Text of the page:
* 1934 †︎ 2012
“When they brought me back to Lidice, I saw all the horror there. This really made me hate the Germans. I kept saying to myself that, they can’t be that bad. But they did this. I somehow couldn’t explain this contradiction to myself and I suffered a nervous breakdown.”
“We heard the rumor that they were killing them. So when they picked the 9 of us, we thought that they’d kill us. So we said to ourselves: ‘Boys and girls, hello, they’ll probably kill us, but there’s nothing we can do about it’. We didn’t expect them to pick us 9 and kill the rest.”
“They brought a photograph from second grade at school. The inscription ‘Lidice’ had been erased. They asked me if I knew who it was and where it was. I told them that I knew. That it was the children from the school and the teacher Šimandl. They asked me where it was. I told them that it was in Lidice nearby Buštěhrad. But I didn’t speak Czech so I replied in German.”
“We didn’t take him too seriously. He would always give us ‘peanuts’ when we did something to him. For example, he’d sit down on a bench and tell us a story. While, he was talking, we would nail his coat to the bench. He didn’t even notice and when he got up, he was furious about it. He was looking for the villain. But we weren’t scared of him at all.”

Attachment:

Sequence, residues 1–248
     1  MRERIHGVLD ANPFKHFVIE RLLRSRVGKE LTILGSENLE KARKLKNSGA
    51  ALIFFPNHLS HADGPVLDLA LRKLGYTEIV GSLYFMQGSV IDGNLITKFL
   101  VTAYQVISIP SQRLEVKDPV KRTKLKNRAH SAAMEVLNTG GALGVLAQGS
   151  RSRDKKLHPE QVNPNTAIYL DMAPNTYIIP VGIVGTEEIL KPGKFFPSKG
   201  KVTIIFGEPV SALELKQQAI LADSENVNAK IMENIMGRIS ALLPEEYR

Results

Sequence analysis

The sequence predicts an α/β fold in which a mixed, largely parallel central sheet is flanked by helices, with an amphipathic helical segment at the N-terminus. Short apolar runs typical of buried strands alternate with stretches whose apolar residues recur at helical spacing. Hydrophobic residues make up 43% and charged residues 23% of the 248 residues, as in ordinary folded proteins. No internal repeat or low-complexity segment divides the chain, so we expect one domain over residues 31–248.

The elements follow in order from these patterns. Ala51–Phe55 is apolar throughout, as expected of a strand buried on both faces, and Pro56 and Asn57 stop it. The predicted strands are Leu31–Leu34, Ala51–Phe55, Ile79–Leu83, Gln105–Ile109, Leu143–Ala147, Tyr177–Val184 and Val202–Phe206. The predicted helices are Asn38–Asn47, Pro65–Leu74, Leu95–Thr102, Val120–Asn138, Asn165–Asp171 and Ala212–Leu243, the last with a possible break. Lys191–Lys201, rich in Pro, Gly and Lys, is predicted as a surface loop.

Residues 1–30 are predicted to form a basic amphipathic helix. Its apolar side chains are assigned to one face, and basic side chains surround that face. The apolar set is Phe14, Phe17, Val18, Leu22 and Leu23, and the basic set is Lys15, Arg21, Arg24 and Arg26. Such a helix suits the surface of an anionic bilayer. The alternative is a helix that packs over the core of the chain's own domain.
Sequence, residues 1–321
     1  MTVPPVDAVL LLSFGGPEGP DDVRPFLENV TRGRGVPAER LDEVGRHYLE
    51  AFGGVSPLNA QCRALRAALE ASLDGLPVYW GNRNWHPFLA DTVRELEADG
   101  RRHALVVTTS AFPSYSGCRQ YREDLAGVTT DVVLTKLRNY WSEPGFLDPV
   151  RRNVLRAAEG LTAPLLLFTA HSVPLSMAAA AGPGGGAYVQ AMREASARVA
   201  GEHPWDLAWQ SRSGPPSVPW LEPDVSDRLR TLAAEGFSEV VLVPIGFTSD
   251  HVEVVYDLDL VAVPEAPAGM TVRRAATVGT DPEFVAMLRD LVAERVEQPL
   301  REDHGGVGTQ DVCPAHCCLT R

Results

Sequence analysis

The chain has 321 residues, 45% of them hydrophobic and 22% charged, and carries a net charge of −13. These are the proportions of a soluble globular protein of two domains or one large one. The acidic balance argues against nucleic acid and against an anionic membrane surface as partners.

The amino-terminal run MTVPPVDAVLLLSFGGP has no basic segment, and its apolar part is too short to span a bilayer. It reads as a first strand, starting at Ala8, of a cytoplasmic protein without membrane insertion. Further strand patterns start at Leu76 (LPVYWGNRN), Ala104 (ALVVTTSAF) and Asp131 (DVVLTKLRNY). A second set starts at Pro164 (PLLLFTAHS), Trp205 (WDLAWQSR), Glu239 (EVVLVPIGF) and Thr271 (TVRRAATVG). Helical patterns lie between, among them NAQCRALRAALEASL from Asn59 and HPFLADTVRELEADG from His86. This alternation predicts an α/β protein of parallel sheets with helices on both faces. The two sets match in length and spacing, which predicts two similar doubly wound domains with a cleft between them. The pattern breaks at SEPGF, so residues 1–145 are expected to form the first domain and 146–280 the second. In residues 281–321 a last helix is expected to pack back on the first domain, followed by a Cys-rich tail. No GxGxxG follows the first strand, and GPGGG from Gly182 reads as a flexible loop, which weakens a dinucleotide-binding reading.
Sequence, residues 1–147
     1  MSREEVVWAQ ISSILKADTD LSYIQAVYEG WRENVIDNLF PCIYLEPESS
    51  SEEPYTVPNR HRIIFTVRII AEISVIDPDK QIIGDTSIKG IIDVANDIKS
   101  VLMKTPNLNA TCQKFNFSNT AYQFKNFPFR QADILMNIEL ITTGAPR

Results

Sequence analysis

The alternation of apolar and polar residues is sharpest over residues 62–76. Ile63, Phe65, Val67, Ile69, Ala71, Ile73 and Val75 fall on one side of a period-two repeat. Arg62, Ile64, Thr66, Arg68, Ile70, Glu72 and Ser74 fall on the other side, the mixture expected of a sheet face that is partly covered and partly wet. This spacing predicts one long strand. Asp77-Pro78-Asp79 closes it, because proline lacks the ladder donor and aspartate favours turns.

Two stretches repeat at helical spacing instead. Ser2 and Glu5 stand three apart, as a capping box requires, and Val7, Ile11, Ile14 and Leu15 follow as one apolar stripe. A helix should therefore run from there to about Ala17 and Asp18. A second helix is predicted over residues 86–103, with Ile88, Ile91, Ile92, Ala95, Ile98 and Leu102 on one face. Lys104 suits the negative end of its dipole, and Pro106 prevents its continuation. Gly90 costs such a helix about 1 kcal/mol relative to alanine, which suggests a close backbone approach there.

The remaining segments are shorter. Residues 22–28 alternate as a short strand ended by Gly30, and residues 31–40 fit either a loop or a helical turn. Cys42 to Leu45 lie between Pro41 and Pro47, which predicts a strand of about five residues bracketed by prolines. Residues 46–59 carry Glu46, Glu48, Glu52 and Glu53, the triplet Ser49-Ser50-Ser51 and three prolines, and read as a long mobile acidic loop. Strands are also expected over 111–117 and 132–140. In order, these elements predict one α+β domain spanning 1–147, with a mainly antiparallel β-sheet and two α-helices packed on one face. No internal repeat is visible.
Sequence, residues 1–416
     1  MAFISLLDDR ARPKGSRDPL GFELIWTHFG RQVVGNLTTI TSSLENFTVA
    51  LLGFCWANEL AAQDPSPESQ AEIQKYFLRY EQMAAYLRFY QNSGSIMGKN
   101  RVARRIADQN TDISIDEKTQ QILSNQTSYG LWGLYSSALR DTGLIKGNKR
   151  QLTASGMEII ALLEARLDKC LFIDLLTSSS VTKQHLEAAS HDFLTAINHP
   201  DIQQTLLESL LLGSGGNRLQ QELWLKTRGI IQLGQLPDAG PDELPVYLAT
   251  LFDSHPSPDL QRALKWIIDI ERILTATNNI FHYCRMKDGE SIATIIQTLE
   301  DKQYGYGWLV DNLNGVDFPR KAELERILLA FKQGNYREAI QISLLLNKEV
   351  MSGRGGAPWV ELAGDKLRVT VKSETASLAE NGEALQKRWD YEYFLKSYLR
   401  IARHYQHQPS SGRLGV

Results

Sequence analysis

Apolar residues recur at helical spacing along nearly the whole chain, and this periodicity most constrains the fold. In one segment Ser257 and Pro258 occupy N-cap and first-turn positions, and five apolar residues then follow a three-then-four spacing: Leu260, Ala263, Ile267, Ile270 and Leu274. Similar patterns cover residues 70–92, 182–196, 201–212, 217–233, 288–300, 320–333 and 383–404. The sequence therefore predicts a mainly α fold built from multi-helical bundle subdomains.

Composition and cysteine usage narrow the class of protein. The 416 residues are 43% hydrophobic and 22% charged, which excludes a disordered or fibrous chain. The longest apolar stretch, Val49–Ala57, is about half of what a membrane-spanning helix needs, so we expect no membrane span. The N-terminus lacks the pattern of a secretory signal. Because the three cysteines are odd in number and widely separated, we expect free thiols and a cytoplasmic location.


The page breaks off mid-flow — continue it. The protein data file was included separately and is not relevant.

“About 4 o’clock or maybe 4:30, pick-up trucks arrived and the women and children were ordered to get on them. We drove through Buštěhrad. The citizens of Buštěhrad already knew what had happened in Lidice. My uncle and my cousin, who was a bit older than me, approached Lidice and saw the village being surrounded by Germans. They also saw the Germans taking us away. My aunt stood in Buštěhrad at the station and said: ‘we saw you being taken away by the trucks to Kladno’.”
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Boys and girls, hello, they’ll probably kill us, but there’s nothing we can do about it
Emílie Chválová, née Frejová, was born in 1934. Her mother died during her birth and her parents weren’t married therefore, she was raised by her relatives in Lidice. In June 1942, at the age of 8, the Nazis deported her, along with the other children from Lidice to Łódź. She was lucky because she was chosen for re-education, along with 8 other children. She was placed in the family of the Nazi officer, Otto Kuckuck. After the war, Emílie was located and brought back home by a special government unit, tasked with the repatriation of abducted Czechoslovak children. Since 1954 until her death in January 2012, she lived in Nové Lidice and worked in the museum of the Lidice memorial.